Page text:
Inflammatory biomarkers present in the human body play a vital role in medical field by guiding the clinician in decision-making for many diseases. The levels of these inflammatory biomarkers are associated with the severity and progress of several diseases. Researchers have found that increasing severity of many diseases such as cardiovascular disease, after surgery infection, and adverse clinical outcomes due to infectious diseases, results in the elevation of the level of inflammatory biomarkers in human sweat. Furthermore, the inflammatory cytokines indicate the pathophysiology and prognosis of critically ill SARS‑CoV‑2 patients. In this thesis work, different sensors have been developed for the detection of inflammatory biomarkers, such as C-reactive proteins (CRP), Interlukin-6 (IL-6), and Interlukin-10 (IL-10) to enable real-time monitoring of the aforementioned disease conditions. These inflammatory biomarkers also provide valuable information on the wound healing progress. Hence, a wound monitoring sensor has also been fabricated in this thesis work for real-time monitoring and management of wound dynamics. Besides detection and monitoring the disease conditions, it is also necessary to provide controlled and on-demand drug delivery. Therefore, an electronically controlled drug delivery module was fabricated to deliver transdermal drug through the human skin. The developed sweat sensors detected the target analytes from a small amount of artificial sweat sample collected via a microfluidic channel that minimized the requirement of sweat sample, and reduced contamination and evaporation of sweat from the human skin. The microfluidicii channel collected the sweat from skin and directed the sweat flow to the main sensing region. In addition, a substantial amount of attention is needed to ensure the high-precision performance of wearable sensors irrespective of any body movements such as stretching, bending, and twisting motions. To achieve this, kirigami-patterned strain-insensitive sensors were integrated on a biaxially stretchable kirigami structure to quantitively measure sweat pH and temperature. The straininsensitive sensor depicted an excellent performance under biaxial tensile strain applied up to 220% and torsional strain up to 360°. Finally, tattoo sensors, fully conformal like a tattoo on the skin, were fabricated. In order to validate the performance of the tattoo sensor on a living cell, the temperature and humidity data were collected from live plants under both water-stress and unstressed conditions. All the sensors reported in this thesis have impressive performance with high sensitivity, accuracy, and low limit of detection (LoD), which are the expected parameters for every sensor. The sweat sensors fabricated in this thesis depicted an excellent combination of flexible structure, cost-effective fabrication, skin conformity, and high linearity of response that make our devices introduce a promising new route in the healthcare application of skin-inspired wearable sweat sensors.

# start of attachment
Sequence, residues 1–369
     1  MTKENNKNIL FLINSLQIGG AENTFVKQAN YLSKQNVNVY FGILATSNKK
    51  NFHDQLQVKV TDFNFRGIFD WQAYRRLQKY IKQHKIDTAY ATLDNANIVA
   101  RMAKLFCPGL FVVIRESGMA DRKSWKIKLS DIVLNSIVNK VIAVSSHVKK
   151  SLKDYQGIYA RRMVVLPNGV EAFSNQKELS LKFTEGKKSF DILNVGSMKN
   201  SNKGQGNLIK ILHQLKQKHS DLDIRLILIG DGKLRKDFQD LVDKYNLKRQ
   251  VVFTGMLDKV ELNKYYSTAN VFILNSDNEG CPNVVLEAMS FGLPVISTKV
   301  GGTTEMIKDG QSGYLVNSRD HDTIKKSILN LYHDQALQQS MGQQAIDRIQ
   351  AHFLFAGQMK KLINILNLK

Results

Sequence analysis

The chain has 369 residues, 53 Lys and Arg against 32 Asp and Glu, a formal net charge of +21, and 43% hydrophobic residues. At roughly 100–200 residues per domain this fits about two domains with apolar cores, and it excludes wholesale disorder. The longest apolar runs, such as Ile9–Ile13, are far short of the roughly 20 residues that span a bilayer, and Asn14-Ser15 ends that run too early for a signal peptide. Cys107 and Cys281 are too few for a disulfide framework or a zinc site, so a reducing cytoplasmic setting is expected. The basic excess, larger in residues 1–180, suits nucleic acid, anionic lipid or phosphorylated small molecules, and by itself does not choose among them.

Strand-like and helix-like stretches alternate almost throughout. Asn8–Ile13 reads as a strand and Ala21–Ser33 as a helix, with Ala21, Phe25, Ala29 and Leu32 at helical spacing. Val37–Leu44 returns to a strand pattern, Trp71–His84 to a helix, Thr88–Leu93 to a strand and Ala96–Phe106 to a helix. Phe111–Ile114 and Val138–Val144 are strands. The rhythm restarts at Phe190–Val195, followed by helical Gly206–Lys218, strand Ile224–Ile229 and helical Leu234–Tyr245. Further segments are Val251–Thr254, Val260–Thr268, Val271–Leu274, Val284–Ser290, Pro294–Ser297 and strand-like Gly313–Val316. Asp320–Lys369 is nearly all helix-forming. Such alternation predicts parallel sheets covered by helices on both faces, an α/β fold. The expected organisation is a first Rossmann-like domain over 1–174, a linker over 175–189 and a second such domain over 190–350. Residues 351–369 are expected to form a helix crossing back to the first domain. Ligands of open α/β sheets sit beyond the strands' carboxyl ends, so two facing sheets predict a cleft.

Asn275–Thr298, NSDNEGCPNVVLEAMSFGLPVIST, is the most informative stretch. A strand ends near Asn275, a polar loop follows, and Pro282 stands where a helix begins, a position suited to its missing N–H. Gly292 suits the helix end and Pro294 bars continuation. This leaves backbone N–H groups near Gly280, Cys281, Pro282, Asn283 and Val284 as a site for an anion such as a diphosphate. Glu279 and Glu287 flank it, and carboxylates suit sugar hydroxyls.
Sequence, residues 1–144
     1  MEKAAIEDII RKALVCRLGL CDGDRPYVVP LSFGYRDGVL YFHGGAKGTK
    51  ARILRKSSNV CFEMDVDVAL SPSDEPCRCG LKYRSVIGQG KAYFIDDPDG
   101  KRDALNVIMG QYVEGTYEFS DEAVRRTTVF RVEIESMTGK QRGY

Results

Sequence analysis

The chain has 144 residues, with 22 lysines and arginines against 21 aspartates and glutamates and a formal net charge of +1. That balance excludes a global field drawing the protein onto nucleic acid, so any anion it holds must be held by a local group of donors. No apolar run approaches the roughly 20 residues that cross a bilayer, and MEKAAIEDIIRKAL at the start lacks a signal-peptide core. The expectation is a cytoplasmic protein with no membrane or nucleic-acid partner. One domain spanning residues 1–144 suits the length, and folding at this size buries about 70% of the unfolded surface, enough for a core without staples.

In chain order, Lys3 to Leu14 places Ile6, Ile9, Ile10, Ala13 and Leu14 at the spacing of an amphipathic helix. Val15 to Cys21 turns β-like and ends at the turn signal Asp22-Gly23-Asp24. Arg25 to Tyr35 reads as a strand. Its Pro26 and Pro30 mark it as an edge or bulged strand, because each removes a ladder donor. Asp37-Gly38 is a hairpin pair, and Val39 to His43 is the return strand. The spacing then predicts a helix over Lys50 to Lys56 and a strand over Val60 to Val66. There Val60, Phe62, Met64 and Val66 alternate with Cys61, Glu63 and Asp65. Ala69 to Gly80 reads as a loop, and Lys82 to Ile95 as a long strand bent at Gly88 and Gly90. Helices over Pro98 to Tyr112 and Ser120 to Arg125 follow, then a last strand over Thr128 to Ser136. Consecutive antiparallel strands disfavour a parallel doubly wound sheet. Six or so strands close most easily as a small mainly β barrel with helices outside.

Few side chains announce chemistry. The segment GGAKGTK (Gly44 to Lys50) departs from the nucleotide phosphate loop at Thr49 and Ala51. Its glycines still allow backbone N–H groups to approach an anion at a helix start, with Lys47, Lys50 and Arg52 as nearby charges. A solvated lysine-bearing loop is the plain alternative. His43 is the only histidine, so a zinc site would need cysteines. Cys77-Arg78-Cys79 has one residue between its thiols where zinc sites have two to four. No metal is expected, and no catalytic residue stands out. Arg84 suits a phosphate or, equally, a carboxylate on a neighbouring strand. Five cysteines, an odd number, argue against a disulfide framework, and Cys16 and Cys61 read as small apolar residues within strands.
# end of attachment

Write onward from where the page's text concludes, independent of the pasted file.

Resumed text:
Date of publication

Fall 12-1-2022

Document Type




Persistent identifier


Committee members

Shawana Tabassum, Ph.D., Premananda Indic, Ph.D., Shih-Feng Chou, Ph.D.


Masters of Science in Electrical Engineering